Rucksack Club Gogarth Meet 2019

Amidst a fairly unspectacular summer, the forecast for the Rucksack Club’s annual pilgrimage to Gogarth wasn’t looking particularly auspicious. I’ve been organising this gathering for almost 20 years, and not had a washout yet, so another tremendous turnout awaited at South Stack. Mild anxiety had accompanied the drive through drizzle along the A55 (what do you do with half a tonne of sausages at a rain-swept beach BBQ?) and there were a few sceptical looks as people shivered in the icy wind. However, the famed Gogarth micro-climate once again delivered, and by lunchtime a brief blast of summer (all be it a windy one).

Jake and I rapped into Easter Island Gully for a grapple with Super Crack, E3 5c (not an ideal warm up, with a really burley first 10m made tougher by the clinging dampness).

A frustrating search for the rap point for 20,000 Leagues Under the Sea yielded this bird ban sign

It’s not banned in the guide or the BMC database, but we figured we’d change plans just to be on the safe side. Great view of a big team on Wen and Britomartis.

… and on Main Cliff

Instead we headed over to Upper Tier where Jake pulled out all the stops with a smooth ascent of Run Fast Run Free, E5 6a

…and we “crossed tracks” with Dave and Tim on The Underground, a huge traverse of the crag

Time to head for the beach to set up the BBQ and await the arrival of the 60 or so members and guests who braved the inauspicious forecast and were rewarded by sunshine on the crag and the beach BBQ. Special thanks to the barbecue helpers and burger flippers!

As well as the beach fun there had been a fair amount of climbing to be had, with ascents on Main Cliff, Upper Tier, Rhoscolyn and Holyhead Mountain, not to mention pedalling and paddling.

Sunday dawned bright but soon clouded over, and the wind hadn’t abated. Teams headed off in all directions in search of shelter and dry rock, and Jake and I decided on a day on Main Cliff. After a 15 minute stop in a handy cave, sitting out a major downpour and contemplating a trip to a cafe, our blind optimism was rewarded with a major about turn to “grande beaux temps”

We had the whole crag to ourselves and made a speedy ascent of Resolution Direct, E2 5b/c in two monster 40+m pitches (here’s Jake on the first)

It was still cracking the flags, so we dashed down for another blast before the forecasted rain at 4pm.

Upping the stakes considerably, Jake had his eye on one of the classic big Main Cliff E5s, Citadel. It takes the wall right of the obvious stepped overhangs running up the left of the cliff

before forcing a way through the roof via a very bouldery 6b sequence (protected by a recently replaced peg – very welcome). Here’s Jake contemplating the crux before crushing it!

By now the first spots of rain had arrived and things were getting damp as I hauled on the peg to follow. A frustrating retreat was the only option, but at least Jake had managed the rarely-onsighted crux.

With the forecast improving on Monday we stopped over an extra night with a view to having an adventure the following day – Castle Helen is the accessible, friendly face of Gogarth seacliff climbing, with the classic VSs of Lighthouse Arête, Rap and Pel making perfect introductory routes in the genre. It also has a more serious side, with the excellent True Moments / Freebird and Kalahari being great outings at E2 and E3 respectively. Between these two lie some big adventures, including Hanging Out at Glastonbury, a committing 4 pitch traverse through the major bands of overhangs below and to the right of TM/FB.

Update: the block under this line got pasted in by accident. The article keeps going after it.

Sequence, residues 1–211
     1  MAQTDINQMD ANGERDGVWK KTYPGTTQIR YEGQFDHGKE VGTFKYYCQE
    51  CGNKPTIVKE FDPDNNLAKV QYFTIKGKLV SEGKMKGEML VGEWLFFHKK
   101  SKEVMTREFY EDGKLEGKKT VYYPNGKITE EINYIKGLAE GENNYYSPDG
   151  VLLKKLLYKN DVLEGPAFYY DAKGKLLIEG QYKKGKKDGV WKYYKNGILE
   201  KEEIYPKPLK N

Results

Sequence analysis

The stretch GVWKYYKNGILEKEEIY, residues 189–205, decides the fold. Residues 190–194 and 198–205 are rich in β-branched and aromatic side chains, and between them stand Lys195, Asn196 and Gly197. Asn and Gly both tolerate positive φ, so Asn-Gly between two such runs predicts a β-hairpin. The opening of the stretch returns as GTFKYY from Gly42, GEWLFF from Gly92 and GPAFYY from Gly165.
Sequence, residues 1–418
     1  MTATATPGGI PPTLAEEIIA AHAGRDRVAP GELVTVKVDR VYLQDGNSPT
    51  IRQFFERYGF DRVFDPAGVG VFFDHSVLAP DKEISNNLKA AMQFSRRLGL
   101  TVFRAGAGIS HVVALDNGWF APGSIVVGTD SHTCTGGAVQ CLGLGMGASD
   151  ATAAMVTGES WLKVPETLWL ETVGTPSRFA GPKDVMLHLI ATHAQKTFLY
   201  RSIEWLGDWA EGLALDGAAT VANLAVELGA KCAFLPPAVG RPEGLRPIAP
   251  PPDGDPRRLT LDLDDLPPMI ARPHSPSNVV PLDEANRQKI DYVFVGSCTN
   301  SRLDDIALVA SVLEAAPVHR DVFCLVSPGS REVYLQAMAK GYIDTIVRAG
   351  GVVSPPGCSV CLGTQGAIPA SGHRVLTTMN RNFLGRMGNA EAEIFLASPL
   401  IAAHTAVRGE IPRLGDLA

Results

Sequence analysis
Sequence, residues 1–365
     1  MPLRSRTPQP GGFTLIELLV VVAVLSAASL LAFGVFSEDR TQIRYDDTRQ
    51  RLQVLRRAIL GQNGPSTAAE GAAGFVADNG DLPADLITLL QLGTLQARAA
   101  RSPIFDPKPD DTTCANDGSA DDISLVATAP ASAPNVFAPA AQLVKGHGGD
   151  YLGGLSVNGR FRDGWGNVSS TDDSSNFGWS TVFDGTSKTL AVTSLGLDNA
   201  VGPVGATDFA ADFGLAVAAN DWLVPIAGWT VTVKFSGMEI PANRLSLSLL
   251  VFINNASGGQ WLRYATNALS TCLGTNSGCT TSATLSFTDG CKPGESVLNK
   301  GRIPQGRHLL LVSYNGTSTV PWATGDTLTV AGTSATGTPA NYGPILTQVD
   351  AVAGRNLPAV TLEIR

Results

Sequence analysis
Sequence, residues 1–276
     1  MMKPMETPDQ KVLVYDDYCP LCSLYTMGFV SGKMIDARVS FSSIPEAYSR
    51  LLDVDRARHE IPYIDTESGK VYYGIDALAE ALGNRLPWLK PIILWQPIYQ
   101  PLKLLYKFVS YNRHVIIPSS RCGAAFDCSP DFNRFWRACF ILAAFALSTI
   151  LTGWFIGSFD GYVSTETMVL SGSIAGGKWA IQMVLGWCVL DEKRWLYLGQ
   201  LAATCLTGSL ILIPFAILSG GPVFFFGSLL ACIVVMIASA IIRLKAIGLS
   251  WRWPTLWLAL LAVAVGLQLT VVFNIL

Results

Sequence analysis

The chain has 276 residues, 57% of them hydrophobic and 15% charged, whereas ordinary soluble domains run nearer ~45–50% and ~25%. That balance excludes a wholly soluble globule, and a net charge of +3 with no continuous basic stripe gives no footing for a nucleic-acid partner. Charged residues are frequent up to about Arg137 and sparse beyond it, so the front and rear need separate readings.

We bumped into a couple of Bangor climbers: Owen and Beau, who were doing TM/FB (nice to have some company!)

The first traversing pitch of 5c/6a leaves the corner of Atlantis and voyages out along a diagonal fault just above the lip of an overhang. Here’s the view back to Jake on the belay (with Beau heading up behind to reach the higher fault on TM/FB)

Somewhat techy to the arete and then you build a nest of whatever gear you can assemble (small sideways wires and tiny cams) before working up the courage to head round into the unknown. Here’s Jake poking his head around when following the pitch

A very committing move sees you round onto outrageously overhanging territory and shuffling across a juggy rail, looping slings over handholds and hoping they don’t slip off. It’s also oozing with wet – Hint: it’s probably best for a late afternoon once it’s had a chance to dry out.

Hard moves across a rotten corner then lead down onto a “slab” and a belay amongst the rotting detritus of ancient rusting ironmongery (with a bit of imagination it’s actually a pretty solid stance).

We’re now trapped between overhangs above and below, with E4 pitches in either direction – despite this, I feel a sudden almost euphoric rush of wellbeing, having knowingly committed ourselves into the situation and confident in our ability to extricate ourselves.

The next pitch is even more outrageously exposed, pulling through a hanging wall suspended above the crashing waves.

Hint: Place gear in the groove to stop the rope getting stuck and belay immediately above the roof.

We’re back in the sunshine and the right side of vertical (just) and catch up again with the Beau and Owen

Our final 40m of 5b is no walk-over but highly enjoyable, and we’re soon topping out and high-fiving. A grand adventure.

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